Are the 2018 Eagles better or worse along the offensive line?

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Are the 2018 Eagles better or worse along the offensive line?

After suffering a season-ending injury last October, Jason Peters is expected to reprise his role as the Eagles’ left tackle in 2018. But the way Halapoulivaati Vaitai performed in Peters’ place, there were some suggesting the team should’ve traded or even released the nine-time Pro Bowl selection.

Are the Eagles better or worse with Peters on the offensive line at this point? By now, you should probably know the answer.


Left tackle

This may be considered controversial. Peters is 36 and coming off a pair of torn ligaments in his right knee. There’s no guarantee the future Hall of Famer will return to his once dominant form, or even perform at a high level.

Yeah, yeah. This isn’t the first time Peters has been written off. They said the same thing when he ruptured his Achilles twice during the same 2012 offseason, then he was back to his dominant self in 2013. They said he was in decline after an injury-plagued 2015, and he’s played some of the best football of his career ever since, which is saying something.

Nothing against Vaitai – though perhaps he’s now a tad overrated since aiding the Eagles’ Super Bowl win. Peters is an athletic marvel, and even at 75 percent, he’s better than half the left tackles in the NFL.



You tell us. Everybody is back, minus 33-year-old emergency left tackle Will Beatty, who signed midway through last season and didn’t play a meaningful down. The oldest returning O-lineman besides Peters is center Jason Kelce at 30.

Even if Peters can’t play, the Eagles still have Vaitai, so they can always go back. At worst, the unit should look roughly the same, not accounting for any new injuries.

The same


One area where keeping things the same is almost always a positive is along the offensive line. The ability of these five players to work together in concert is such a crucial aspect of the job.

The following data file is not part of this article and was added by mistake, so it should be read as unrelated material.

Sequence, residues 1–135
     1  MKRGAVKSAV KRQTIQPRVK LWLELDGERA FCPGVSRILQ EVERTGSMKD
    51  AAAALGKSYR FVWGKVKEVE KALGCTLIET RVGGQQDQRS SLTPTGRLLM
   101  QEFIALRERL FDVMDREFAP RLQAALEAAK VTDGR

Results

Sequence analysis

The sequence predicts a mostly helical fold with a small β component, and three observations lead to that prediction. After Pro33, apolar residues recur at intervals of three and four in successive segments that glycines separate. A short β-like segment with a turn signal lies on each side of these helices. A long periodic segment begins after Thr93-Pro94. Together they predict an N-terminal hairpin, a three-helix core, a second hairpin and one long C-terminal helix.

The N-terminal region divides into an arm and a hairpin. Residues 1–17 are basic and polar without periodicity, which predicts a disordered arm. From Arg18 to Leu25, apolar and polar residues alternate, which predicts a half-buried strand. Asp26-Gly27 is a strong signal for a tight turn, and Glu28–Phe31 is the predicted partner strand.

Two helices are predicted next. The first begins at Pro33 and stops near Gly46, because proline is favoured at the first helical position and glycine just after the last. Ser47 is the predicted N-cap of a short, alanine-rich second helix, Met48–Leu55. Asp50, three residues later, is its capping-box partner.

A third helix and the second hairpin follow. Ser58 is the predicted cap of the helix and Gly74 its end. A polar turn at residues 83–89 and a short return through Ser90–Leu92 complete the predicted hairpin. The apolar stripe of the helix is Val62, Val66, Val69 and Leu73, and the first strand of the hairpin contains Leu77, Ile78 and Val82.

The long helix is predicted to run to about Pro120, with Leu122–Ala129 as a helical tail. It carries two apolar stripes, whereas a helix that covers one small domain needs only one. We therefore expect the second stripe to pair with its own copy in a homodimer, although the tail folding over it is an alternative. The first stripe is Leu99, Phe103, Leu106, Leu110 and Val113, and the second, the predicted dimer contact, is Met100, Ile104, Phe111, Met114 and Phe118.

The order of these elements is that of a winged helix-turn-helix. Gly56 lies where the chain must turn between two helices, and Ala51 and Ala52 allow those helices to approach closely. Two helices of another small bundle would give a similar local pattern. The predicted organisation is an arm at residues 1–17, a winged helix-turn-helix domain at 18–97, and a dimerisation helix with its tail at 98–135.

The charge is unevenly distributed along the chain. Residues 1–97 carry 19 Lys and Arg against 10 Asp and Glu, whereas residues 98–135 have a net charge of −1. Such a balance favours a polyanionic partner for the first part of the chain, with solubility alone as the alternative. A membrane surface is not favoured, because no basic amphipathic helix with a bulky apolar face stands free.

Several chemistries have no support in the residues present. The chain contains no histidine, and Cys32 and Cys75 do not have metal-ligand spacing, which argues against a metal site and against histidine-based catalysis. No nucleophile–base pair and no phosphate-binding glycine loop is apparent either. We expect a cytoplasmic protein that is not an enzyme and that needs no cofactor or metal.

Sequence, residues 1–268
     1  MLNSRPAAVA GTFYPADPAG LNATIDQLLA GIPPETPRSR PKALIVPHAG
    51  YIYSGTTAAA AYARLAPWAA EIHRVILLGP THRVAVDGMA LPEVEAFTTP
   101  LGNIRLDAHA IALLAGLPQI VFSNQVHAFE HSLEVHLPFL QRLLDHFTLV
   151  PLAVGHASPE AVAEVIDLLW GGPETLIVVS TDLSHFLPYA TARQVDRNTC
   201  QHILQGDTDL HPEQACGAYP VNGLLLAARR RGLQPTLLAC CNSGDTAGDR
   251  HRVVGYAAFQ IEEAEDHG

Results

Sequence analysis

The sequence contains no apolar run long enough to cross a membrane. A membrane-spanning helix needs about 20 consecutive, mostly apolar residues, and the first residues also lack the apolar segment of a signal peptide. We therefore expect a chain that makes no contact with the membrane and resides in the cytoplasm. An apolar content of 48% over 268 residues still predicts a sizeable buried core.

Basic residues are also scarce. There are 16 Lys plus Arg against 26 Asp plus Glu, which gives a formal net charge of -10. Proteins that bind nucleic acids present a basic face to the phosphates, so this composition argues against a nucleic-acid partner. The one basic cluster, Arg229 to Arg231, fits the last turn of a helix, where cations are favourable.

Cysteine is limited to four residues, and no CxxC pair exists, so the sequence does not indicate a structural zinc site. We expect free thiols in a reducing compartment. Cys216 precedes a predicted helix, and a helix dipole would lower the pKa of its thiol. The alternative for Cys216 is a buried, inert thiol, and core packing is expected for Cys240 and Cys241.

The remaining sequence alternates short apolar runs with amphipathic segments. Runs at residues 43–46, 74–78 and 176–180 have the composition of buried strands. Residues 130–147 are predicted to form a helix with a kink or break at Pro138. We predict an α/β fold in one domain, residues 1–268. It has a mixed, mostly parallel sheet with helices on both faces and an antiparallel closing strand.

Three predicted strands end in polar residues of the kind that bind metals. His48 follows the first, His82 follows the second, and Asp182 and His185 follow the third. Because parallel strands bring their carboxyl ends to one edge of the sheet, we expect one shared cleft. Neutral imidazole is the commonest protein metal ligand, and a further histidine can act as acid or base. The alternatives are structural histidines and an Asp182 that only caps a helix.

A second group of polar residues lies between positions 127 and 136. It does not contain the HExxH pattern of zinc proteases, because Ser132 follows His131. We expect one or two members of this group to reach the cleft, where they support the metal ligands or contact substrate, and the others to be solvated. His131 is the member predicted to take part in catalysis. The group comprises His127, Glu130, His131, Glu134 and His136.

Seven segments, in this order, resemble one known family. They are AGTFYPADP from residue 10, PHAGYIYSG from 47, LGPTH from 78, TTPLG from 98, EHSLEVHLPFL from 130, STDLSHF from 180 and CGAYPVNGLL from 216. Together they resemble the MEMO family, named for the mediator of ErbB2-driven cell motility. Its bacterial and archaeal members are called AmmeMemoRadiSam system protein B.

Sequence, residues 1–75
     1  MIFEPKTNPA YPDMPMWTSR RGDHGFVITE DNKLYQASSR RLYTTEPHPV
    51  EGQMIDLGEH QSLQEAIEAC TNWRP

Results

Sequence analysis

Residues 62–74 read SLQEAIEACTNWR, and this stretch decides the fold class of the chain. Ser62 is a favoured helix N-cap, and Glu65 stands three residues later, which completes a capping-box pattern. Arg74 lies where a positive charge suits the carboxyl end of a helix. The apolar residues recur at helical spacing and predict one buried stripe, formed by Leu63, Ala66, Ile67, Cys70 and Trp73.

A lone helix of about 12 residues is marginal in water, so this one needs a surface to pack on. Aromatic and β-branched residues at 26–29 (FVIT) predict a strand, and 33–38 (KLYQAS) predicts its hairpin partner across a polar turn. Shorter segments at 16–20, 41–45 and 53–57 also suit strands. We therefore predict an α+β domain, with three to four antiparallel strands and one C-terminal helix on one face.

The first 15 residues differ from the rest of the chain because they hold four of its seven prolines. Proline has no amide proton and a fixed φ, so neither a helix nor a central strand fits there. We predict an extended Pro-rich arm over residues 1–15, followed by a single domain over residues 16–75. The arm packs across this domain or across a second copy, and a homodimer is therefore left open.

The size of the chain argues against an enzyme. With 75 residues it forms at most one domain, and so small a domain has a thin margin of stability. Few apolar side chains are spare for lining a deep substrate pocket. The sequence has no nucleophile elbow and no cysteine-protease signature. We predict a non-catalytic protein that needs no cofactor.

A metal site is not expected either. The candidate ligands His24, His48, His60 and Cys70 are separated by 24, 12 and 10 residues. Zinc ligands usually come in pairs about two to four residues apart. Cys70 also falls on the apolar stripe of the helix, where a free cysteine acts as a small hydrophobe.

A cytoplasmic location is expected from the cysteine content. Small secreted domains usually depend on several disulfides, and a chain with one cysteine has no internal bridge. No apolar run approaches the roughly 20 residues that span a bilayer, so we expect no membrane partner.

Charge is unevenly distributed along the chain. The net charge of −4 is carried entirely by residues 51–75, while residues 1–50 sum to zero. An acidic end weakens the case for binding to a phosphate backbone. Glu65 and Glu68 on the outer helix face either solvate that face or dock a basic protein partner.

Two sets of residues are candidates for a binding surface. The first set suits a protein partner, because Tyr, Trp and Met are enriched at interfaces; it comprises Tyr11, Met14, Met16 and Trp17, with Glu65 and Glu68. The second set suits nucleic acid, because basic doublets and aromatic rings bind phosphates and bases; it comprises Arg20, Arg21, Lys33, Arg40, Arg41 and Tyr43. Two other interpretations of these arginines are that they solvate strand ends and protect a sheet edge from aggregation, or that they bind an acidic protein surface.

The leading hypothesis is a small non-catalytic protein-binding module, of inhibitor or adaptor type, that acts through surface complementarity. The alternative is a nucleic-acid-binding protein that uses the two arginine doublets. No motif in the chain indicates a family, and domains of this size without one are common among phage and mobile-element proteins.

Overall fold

It’s also something the Eagles shouldn’t have to worry about for the foreseeable future. Kelce, right guard Brandon Brooks and right tackle Lane Johnson have played alongside each other for two years. Stefen Wisniewski has a full season under his belt at left guard. And whether it’s Peters or Vaitai at left tackle, both worked roughly half a season next to Wisniewski. If anything, continuity might be improved.

That extends to the bench as well. Vaitai has experience at right tackle. Swing guard Chance Warmack played alongside an array of guys on either side of the line, but always next to Kelce. The top seven in this group are perfectly capable of adjusting on the fly if necessary, while maintaining a level of familiarity.

The unknown

Isaac Seumalo

When an offensive line’s greatest unknown is the backup center, that’s usually a good sign. That being said, Seumalo is a curiosity at this point, and it’s impossible to know whether he can be trusted in his new role.

A third-round draft pick in 2016, Seumalo looked OK in spot duty as a rookie – good enough that the Eagles awarded him the left guard job out of training camp last year. Two weeks into the season, he was on the bench, and lately he’s practicing primarily at center.

It’s unclear whether the Eagles would even turn to Seumalo in a pinch. The 24-year-old is very much on the roster bubble. But assuming he does make the squad, he’s scary until proven otherwise, no matter where he is on the field.

Better or worse?

The Eagles had the best offensive line in the NFL last season. Occasionally, in a situation like that, there might be reason to project regression on the horizon, no matter how good the individual players are.

Yet Johnson, Brooks and Wisniewski are all under age 30, and Peters is back in the mix. The Eagles also invested late-round draft picks in Matt Pryor and Jordan Mailata, which should strengthen the back end of the roster. This group easily looks BETTER.

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Bryce Harper meets some Philly sports legends at the Sixers game

Bryce Harper meets some Philly sports legends at the Sixers game

The new big man in town, Bryce Harper, went to the Wells Fargo Center on Thursday night to take in the Sixers game against the Milwaukee Bucks. He rubbed shoulders with some of the previous biggest (little) men in town.

Harper was in attendance and rang the bell prior to tip-off — something he'll surely do many times during Phillies games across the street this summer.